Avatar: Eternal Life?

By Beth Davies-Stofka

Starring: Sam Worthington, Zoe Saldana, Sigourney Weaver, Stephen Lang

Directed By: James Cameron

Produced By:Colin Wilson, Laeta Kalogridis, James Cameron

Distributor: 20th Century Fox

Rating: PG-13 for intense epic battle sequences and warfare, sensuality, language and some smoking

Run time: 160 minutes

Avatar represents an unparalleled achievement in moviemaking.  Cameron has developed, invented, and deployed 3-D and motion capture technologies to such expert effect that we can finally say that we know how it feels to be in a movie.  Avatar immerses audiences in its extraordinary fictional world.  And by transporting us to Pandora and drawing us into its lush environment, it offers a sensory experience of the central metaphysical proposition of pantheism, that everything is God or Goddess, and God or Goddess is everything.  Bodies are embodiments, incarnations of the Divine Unity.

In the religious worldview of the inhabitants of the distant world Pandora, every creature is an expression of the energy of Pandora's Divine Unity, called Ewya.  Each Pandoran creature is Ewya's self-expression, divine energy manifest as captivating creatures, large and small, benign and dangerous.  Ewya expresses herself as giant trees, floating mountains, and impossibly beautiful bioluminescent flora and fauna.  Even Pandora is Ewya's avatar.

She also expresses herself in humanoid creatures.  The Na'vi are tall, graceful, and athletic blue people with profoundly expressive faces and gestures.  They do not dominate Pandora, or proliferate across its surface.  They are not at the top of the food chain.  But by virtue of the luminous tendrils that emerge from their scalps, they are able to establish direct connections with all the other creatures of Ewya.  The sensation they experience when the bond is established is powerful and unique.  They must be prepared for it.  It is a religious experience.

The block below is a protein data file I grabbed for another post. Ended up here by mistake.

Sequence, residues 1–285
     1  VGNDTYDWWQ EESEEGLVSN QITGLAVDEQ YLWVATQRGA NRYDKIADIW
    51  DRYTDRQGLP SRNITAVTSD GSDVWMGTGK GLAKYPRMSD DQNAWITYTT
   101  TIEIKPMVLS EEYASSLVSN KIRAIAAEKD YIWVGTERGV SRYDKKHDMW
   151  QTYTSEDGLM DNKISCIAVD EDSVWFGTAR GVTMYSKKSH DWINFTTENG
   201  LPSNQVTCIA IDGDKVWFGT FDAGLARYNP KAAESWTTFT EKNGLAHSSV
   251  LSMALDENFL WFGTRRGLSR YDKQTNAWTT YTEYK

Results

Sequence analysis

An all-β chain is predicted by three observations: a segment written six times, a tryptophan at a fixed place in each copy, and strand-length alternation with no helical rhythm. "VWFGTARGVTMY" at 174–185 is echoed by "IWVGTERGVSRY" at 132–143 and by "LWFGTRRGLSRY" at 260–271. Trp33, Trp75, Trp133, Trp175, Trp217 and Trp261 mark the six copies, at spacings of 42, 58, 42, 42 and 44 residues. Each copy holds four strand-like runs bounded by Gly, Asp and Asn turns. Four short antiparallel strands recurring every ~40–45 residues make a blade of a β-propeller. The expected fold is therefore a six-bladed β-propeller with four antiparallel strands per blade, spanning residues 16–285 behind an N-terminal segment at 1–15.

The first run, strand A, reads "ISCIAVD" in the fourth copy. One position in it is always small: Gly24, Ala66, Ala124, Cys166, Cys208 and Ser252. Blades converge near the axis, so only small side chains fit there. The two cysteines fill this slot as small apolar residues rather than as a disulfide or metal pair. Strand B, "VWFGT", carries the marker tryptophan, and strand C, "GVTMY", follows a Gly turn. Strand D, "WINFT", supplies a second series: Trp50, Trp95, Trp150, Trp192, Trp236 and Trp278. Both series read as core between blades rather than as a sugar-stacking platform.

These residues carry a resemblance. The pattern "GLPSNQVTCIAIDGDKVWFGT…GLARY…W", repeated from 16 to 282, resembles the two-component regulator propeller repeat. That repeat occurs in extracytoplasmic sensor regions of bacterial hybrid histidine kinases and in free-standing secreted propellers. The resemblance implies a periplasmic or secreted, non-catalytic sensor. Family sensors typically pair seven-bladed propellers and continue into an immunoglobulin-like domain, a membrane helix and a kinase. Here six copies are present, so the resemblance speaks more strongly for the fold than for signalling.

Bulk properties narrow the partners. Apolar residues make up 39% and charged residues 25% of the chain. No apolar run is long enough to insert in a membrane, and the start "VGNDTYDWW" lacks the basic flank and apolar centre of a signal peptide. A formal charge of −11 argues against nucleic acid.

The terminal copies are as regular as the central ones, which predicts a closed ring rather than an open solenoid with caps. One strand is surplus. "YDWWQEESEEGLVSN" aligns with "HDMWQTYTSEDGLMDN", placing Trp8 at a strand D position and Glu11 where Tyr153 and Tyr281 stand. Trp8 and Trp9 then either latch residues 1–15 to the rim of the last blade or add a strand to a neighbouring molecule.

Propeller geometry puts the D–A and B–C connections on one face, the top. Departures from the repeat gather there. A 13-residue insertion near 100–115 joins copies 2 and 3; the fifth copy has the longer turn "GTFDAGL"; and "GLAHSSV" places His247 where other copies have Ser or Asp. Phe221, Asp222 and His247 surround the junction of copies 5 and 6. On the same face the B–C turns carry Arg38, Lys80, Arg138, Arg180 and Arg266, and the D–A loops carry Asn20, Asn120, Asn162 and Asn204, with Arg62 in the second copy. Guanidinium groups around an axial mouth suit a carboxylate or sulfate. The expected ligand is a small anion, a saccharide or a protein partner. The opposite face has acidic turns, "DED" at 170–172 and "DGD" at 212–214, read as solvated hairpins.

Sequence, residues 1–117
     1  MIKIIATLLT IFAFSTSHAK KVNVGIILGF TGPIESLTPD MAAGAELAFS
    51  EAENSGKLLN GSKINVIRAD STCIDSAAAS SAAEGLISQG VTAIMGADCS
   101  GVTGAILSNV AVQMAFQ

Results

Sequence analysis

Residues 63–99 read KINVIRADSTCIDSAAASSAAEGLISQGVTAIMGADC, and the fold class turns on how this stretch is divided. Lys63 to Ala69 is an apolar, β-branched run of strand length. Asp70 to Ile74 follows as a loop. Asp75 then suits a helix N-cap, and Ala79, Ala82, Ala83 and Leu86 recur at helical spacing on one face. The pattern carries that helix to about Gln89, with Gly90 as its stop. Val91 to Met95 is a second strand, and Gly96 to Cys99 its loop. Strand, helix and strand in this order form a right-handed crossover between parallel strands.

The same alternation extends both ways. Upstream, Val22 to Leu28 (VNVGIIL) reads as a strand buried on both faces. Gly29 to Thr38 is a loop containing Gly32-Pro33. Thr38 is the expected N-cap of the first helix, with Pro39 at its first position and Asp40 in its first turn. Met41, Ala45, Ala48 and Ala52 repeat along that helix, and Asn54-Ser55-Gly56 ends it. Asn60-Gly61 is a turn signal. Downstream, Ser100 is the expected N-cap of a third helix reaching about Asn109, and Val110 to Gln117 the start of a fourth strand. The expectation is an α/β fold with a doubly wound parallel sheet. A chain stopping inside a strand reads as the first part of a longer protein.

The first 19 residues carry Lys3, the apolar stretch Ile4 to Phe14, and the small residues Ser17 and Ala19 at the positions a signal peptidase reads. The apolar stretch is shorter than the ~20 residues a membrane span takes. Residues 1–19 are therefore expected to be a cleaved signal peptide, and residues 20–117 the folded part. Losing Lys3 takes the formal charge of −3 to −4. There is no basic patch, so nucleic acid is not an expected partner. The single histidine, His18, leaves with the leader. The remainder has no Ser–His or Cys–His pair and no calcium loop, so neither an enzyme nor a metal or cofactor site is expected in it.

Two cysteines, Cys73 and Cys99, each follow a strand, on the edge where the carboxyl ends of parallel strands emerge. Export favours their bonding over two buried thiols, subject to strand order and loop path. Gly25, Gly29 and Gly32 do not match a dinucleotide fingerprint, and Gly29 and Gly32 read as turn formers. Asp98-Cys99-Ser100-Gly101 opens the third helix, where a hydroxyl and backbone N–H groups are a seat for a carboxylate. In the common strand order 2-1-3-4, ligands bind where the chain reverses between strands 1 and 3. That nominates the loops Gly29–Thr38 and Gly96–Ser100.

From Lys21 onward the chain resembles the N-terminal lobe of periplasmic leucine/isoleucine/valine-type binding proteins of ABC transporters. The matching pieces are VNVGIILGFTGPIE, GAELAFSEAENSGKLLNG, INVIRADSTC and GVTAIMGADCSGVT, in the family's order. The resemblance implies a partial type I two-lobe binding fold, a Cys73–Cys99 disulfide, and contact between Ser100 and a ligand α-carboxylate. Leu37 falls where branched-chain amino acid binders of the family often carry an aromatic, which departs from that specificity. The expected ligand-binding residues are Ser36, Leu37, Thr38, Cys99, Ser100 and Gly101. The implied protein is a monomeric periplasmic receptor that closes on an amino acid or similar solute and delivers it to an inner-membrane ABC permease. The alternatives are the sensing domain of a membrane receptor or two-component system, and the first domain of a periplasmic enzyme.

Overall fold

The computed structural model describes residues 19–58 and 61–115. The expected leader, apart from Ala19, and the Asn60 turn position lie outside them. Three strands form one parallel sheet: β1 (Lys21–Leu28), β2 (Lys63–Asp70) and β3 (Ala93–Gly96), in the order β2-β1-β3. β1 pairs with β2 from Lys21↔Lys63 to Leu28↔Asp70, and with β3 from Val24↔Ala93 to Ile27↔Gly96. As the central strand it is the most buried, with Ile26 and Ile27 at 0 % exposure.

Ewya is sacred to the Na'vi because they experience her as such.  They realize that they are avatars of Ewya, as are all other creatures of Pandora.  "All energy is borrowed," explains Neytiri as she teaches the human Jake Sully about death.  "Some day we must give it back."

Into this splendid and peaceful world of avatars, sacred incarnations of the Mother Goddess Ewya, comes an entirely different kind of avatar.  Jake Sully's avatar is not Ewya's self-expression.  Sully's avatar is an organic entity combining human and Na'vi DNA, but it has been grown in a lab using advanced human technologies.  Advanced human technology allows Sully to inhabit this wonderful Na'vi body.  While his crippled body lies still in a coffin-like pod in the lab, his mind is linked up to his avatar and he runs and climbs and leaps and somersaults in his strong, athletic Na'vi body.

Sully's political decisions have been hashed out repeatedly on the Internet, and we won't revisit them here.  Suffice to say that no account of colonialism would be complete without an exploration of the ways in which the culture of the colonizers alters the culture of the colonized.  This feature is nowhere more obvious than in Avatar's exploration of the potential clash between science and religion. 

Since Gutenberg's press, technological achievement has repeatedly and fundamentally altered the meanings of many of the key words in the theological lexicon.  Mass distribution of Luther's theses changed forever the concept of justification.  The invention of the light bulb rendered symbolic the notion that God's son would bring light to a darkened world.  Satellites and cell phones have taken omnipresence out of God's domain. 

How will human avatar technology change Na'vi pantheism?

We sense that the religion of the Na'vi is ancient.  Creation as the self-expression of the Divine Unity is naturally occurring.  The Na'vi and all creatures conform to Ewya's rhythmic balance.  The worldview of the Na'vi is similar to how Daoism might look if humans had continued to exist in very small numbers of hunter-gatherers, somewhere in the middle of the food chain.

When the humans arrive, they expose Pandora and the Na'vi to a completely different worldview, one in which humans have invented, adapted, and deployed technology in order to define the natural world and our place in it.

1/11/2010 5:00:00 AM
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  • Beth Davies-Stofka
    About Beth Davies-Stofka
    Beth Davies-Stofka teaches courses on comparative religion and the philosophy of religion. Her teaching and research focus in two areas: the challenges that violence and human suffering present to theological ethics, and explorations of philosophy and...